PEPPLER.ORG
Michael Peppler
Sybase Consulting
Menu
Home
Sybase on Linux
Install Guide for Sybase on Linux
General Sybase Resources
General Perl Resources
Freeware
Sybperl
Sybase::Simple
DBD::Sybase
BCP Tool
Bug Tracker
Mailing List Archive
Downloads Directory
FAQs
Sybase on Linux FAQ
Sybperl FAQ
Personal
Michael Peppler's resume

sybperl-l Archive

Up    Prev    Next    

From: =?iso-8859-1?Q?J=F6rg=20Th=F6nnes?= <Joerg dot Thoennes at data-sciences dot de>
Subject: Re: avoiding the cross-product
Date: Feb 23 2000 6:57AM

> This is more of a basic sql question (I'm pretty new to sql). I need
> to do a 'dump' of a Sybase database for initializing an LDAP database.
> A person record in the Sybase database spans a number of tables, where
> some of the info is singly-occurring, and other is multiply occurring
> (e.g. the appointment table can have n rows for the same employee, and
> the 'general attribute' table can have m rows for that person.) If I
> do a massive join to get all that info, I get n*m rows for that person in
> the result set.
> 
> Now since this dump might only happen once, a certain amount of
> inefficiency can be tolerated. But not n*m rows per person. So what is
> the right way to do this? Do I just get the singly occurring stuff in
> one query, and then get each of the multiply-occurring stuff in
> separate queries each?

I would suggest this way. Loop through the employee table using a cursor
and 
select the record for the employee. Then, select the n appointment
records and after that select the m general attributes:

	declare @separator varchar(80)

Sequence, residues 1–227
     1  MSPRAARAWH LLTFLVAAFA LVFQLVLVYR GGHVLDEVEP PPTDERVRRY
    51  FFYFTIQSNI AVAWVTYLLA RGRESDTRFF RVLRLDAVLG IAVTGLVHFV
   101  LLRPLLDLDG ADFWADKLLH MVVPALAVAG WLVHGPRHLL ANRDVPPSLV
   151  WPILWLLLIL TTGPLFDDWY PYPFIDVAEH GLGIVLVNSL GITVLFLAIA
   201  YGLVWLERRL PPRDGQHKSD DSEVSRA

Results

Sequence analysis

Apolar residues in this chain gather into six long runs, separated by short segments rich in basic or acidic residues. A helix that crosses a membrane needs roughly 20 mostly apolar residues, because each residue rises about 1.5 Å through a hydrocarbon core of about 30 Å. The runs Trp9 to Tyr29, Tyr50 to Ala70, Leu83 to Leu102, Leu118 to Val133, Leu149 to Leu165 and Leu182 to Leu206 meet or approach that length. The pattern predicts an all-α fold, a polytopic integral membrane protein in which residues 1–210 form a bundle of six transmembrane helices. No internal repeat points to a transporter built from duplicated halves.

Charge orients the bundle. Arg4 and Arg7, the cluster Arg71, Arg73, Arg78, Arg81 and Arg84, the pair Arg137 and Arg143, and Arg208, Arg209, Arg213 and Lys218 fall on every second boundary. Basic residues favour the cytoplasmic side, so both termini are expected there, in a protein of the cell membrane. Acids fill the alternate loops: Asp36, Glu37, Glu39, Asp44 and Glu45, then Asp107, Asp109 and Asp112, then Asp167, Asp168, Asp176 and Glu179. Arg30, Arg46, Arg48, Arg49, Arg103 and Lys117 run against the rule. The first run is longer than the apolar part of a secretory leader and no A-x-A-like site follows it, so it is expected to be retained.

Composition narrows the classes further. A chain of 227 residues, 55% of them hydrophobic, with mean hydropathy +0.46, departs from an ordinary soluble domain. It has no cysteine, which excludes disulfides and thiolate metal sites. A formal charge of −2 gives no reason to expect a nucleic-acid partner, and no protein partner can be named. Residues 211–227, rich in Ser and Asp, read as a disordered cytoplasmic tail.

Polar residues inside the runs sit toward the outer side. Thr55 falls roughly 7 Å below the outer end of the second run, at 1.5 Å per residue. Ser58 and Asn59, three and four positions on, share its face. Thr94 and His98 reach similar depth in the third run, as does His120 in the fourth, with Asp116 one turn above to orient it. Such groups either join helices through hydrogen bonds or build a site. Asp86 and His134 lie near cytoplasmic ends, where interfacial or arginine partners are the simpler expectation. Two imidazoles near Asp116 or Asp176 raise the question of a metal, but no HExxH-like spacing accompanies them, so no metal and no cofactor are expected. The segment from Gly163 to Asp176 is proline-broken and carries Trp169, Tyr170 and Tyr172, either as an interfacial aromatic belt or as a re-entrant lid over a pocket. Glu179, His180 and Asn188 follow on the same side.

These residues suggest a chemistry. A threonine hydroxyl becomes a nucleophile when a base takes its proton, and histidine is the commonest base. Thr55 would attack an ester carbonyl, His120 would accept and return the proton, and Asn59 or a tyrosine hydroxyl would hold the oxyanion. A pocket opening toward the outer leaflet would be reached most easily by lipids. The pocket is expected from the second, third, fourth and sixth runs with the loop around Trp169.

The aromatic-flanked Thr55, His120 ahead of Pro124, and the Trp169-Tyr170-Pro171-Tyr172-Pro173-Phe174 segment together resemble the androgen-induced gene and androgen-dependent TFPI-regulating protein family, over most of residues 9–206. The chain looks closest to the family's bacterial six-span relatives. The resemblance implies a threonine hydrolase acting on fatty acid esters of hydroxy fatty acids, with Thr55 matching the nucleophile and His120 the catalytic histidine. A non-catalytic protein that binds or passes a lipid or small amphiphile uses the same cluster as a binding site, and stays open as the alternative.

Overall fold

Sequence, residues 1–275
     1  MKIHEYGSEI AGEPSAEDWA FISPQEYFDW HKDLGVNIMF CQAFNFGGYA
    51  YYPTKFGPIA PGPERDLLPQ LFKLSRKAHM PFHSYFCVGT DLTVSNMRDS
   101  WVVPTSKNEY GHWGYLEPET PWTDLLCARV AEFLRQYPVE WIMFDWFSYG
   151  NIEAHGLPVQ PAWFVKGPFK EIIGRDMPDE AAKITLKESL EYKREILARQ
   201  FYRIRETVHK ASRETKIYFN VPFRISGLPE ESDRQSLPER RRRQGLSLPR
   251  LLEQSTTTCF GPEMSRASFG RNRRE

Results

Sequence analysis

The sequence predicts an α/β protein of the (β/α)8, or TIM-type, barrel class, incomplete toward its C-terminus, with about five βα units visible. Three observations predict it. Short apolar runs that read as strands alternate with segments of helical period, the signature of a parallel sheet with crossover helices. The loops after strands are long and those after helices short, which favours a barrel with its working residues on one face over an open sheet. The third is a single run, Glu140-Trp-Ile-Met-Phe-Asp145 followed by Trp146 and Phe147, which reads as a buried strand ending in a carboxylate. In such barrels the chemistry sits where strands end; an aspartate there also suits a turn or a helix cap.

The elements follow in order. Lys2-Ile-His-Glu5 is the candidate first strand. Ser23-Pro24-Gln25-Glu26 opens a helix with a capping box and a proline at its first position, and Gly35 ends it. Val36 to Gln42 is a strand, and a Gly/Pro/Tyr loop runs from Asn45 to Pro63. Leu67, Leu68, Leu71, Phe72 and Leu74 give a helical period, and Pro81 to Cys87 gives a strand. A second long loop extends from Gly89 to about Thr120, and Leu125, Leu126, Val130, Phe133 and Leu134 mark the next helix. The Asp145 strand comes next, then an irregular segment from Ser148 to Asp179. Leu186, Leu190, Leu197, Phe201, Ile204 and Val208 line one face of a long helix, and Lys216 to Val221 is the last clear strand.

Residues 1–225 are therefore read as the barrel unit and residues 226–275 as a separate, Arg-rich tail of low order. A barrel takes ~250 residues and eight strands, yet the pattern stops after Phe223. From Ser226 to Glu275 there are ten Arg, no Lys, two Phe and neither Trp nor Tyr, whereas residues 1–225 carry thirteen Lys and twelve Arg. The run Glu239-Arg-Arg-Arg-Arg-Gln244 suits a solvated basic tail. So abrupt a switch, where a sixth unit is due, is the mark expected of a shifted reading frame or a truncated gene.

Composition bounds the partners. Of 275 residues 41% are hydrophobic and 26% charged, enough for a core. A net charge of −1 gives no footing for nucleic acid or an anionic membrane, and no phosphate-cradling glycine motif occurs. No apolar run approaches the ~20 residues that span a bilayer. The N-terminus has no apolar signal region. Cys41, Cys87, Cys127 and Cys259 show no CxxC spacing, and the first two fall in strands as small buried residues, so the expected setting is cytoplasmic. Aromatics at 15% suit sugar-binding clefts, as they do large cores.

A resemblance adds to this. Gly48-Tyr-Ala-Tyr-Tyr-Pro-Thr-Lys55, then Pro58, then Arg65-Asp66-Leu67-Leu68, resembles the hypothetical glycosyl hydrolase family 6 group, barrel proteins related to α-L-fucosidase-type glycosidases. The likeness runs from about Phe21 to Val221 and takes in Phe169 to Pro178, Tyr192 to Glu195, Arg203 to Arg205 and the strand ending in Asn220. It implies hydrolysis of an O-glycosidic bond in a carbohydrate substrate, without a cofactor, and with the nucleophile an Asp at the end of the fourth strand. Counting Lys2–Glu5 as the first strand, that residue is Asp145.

select  @separator= '-------------'

	declare @crs cursor for select from employee

	open @crs

	fetch @crs into @name, ... -- employee record

	if (@@sqlstatus = 2) begin
		... -- no data found
	end

	while (@@sqlstatus = 0)
	begin
		select @name, ... -- employee record

		select *
		from   appointments
		where  employee = @name	

		select @separator

		select *
		from	general_attributes
		where  employee = @name

		select @separator

		fetch @crs into @name, ... -- employee record
	end

	if (@@sqlstatus = 1) begin
		... -- loop terminated due to error
	end

	close @crs

	deallocate @crs

The result looks like this:

	name, ...
	app1_col_1, app1_col_2, ...
	app2_col_1, ...
	...
	appN_col_1, ...
	----------
	gattr1_col_1, gattr1_col2, ...
	gattr2_col_1, ...
	...
	gattrM_col_1, ...
	----------

Since you do not know the numbers n and m in advance, you can either
make
a select count(*) and put the value immediately after the "name, ..."
record.
Or -- as in the example -- you choose a separator value to mark the end
of 
multiple-record sections.

Perhaps there is an easier or more efficient way than cursors, but in
your case this should help.

Regards, Jörg

-- 
Joerg Thoennes | Joerg.Thoennes@Data-Sciences.DE
Data Sciences  | Sittarder Str. 31, D-52078 Aachen, Germany
+49 241 5295-0 | phone: -111 fax: -100
-------------------------------------------------------------
CSG Computer Service GmbH   ...an IBM Global Services Company